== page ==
Louis Susman
Louis Susman
In the wake of the WikiLeaks document dump and the ensuing media frenzy, I wondered what I would find on Obama’s diplomatic appointees from Chicago. Of the four local Obama campaign donors who were rewarded with cushy ambassadorships—banker Louis Susman to England, lawyer David Jacobson to Canada, TV producer Charles Rivkin to France, and lawyer Fay Hartog Levin to the Netherlands—Susman and Rivkin emerged with the most interesting results.

With the whistle-blower site down for most of yesterday, I had to rely on British newspaper accounts for a peek into the treasure trove of diplomatic cables from our embassies around the world—all of them intended to remain confidential and many of them replete with undiplomatic observations about world leaders.

Susman, whom I profiled for Chicago soon after he arrived at the Court of St. James, has been at the center of the storm—placed there by WikiLeaks editor/international outlaw Julian Assange, who sent a letter to Susman asking him to identify people named in the document dump to come whose lives might be at risk if their names were made public.

The 73-year-old Chicago businessman jumped into action, briefing Downing Street and the Foreign Office. He also publicly condemned the publication of the documents by newspapers, including the UK’s Guardian, as a threat to the national security of the UK and the US that potentially endangers the lives of “journalists… human rights activists and bloggers …soldiers and diplomats.” 

Susman toiled to tamp down particularly embarrassing diplomatic cables that show American officials assessing then-prime minister Gordon Brown as unstable, weak, paranoid, and given to temper tantrums. (It is not yet clear who those officials are and whether any of the documents  were written by Susman himself.) According to a report in the UK’s Sunday Express, “President Obama witnessed one outburst first hand. At the G20 Summit in London last year, he said to Mr. Brown’s aides: `Tell your guy to cool it,’ as the PM threatened to erupt over something that had upset him.”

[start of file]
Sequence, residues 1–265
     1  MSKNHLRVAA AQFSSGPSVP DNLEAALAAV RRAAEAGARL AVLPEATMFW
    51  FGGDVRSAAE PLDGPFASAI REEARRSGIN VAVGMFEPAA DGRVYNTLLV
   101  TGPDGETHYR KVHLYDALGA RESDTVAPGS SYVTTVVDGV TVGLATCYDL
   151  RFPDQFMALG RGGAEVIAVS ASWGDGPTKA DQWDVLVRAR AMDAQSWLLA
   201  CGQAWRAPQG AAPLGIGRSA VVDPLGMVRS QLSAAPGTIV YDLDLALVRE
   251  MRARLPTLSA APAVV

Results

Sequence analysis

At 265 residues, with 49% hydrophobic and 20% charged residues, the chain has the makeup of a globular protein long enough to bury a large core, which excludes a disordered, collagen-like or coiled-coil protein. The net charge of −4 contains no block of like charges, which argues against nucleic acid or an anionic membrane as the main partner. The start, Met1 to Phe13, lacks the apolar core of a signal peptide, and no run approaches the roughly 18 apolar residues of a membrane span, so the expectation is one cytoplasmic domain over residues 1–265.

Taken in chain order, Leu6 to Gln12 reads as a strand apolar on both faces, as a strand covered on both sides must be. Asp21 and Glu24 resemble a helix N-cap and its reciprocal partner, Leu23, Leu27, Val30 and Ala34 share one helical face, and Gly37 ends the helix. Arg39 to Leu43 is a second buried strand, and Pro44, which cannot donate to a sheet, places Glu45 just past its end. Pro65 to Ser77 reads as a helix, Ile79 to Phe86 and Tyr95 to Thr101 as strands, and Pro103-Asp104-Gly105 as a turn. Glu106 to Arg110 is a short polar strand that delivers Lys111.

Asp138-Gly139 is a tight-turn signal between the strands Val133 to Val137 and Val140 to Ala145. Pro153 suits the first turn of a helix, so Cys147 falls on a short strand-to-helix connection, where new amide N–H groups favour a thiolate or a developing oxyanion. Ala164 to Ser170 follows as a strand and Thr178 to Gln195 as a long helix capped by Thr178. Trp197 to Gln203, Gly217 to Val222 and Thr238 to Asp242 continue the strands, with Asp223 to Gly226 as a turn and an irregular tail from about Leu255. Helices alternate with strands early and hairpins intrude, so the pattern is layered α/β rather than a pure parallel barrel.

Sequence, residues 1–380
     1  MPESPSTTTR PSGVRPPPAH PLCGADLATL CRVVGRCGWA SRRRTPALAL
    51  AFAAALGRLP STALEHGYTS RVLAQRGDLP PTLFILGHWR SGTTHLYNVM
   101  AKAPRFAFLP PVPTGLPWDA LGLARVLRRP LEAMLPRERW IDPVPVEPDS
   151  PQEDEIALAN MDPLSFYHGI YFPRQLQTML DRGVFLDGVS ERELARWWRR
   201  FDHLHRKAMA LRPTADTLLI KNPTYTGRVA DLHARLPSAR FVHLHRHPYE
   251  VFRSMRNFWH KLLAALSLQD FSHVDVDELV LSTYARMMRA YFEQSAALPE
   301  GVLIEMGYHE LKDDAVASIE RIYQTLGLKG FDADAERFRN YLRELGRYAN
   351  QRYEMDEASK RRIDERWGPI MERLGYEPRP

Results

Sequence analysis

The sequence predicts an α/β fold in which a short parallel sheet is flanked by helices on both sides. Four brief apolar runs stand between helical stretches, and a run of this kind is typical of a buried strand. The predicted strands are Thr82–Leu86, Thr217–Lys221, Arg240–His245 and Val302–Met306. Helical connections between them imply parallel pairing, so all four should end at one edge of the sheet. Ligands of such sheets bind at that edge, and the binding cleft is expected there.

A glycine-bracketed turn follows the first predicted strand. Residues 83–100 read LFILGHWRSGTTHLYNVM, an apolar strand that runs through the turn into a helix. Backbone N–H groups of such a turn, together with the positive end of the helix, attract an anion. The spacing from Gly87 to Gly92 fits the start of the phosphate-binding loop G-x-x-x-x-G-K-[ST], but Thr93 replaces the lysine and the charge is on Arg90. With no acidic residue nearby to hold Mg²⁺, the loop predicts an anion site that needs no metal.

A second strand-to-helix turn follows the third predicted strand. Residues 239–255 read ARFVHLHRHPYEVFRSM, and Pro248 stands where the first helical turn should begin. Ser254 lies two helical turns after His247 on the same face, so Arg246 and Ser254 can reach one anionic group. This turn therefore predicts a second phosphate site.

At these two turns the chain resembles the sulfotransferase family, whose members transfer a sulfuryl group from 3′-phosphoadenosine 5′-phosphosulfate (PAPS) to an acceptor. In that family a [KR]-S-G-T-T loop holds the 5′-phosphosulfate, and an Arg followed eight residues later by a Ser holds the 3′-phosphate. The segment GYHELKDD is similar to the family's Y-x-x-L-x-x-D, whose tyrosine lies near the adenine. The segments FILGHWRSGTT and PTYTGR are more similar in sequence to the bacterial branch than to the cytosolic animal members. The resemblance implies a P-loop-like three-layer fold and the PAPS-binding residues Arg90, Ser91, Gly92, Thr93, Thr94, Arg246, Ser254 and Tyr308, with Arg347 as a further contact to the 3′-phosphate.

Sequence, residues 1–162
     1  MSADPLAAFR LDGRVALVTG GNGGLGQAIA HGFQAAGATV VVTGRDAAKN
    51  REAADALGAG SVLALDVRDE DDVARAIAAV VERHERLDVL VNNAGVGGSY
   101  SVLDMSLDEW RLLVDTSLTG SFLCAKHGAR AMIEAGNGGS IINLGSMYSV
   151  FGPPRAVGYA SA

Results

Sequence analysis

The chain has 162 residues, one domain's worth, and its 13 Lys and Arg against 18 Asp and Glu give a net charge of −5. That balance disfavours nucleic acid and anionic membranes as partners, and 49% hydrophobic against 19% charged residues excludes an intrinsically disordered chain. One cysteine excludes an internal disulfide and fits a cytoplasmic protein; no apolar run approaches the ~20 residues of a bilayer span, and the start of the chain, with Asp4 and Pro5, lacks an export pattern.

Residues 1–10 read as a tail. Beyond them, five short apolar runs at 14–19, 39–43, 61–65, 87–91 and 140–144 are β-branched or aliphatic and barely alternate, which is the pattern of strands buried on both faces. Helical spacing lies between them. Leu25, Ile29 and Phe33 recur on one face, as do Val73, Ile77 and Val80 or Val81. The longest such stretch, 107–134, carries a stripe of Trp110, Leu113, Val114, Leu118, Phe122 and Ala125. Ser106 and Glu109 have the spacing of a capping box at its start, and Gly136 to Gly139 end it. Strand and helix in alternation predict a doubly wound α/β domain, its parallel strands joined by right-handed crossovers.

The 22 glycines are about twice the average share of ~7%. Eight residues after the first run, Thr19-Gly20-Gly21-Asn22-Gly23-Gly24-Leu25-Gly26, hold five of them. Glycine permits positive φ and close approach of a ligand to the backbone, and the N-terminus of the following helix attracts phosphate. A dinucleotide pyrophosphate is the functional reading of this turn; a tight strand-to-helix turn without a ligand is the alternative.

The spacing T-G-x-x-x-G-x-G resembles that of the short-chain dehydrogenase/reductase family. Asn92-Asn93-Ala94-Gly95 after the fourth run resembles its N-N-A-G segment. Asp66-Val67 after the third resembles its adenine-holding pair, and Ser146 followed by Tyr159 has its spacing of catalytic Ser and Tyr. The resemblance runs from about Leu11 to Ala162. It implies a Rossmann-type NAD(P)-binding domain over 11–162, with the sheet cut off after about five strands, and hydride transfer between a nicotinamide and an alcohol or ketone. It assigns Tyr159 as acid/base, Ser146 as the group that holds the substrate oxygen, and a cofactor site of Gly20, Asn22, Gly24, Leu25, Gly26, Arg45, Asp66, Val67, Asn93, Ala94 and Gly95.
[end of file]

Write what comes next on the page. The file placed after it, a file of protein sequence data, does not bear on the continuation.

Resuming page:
Perhaps even more embarrassing was an assessment, said to be made by Obama, of current PM David Cameron, who bested Brown in the last election. On a foreign trip during the 2008 campaign, Obama stopped in London, where he met Cameron. A confidential memo sent from the American embassy to Washington showed Obama criticizing the then-head of the conservative party as a “lightweight.” 

Searching the name of another Chicago appointee, Charles Rivkin, I found a fascinating character appraisal of French President Nicolas Sarkozy. In a memo to Secretary of State Hillary Clinton, Rivkin described Sarkozy as a tyrant who terrorizes his staff, who are unwilling "to point out when the emperor is less than fully dressed,” according to a summary of the confidential cables published in The Guardian. The memo to Clinton continued: “Elysée contacts have reported to us the great lengths they will go to avoid disagreeing with him or provoking his displeasure—even recently reportedly rerouting the president’s plane to avoid his seeing the Eiffel Tower lit up in Turkey’s colours on the visit of PM [Recep Tayyip] Erdogan." (Sarkozy opposed Turkey’s membership in the EU.)


Photograph: U.S. Department of State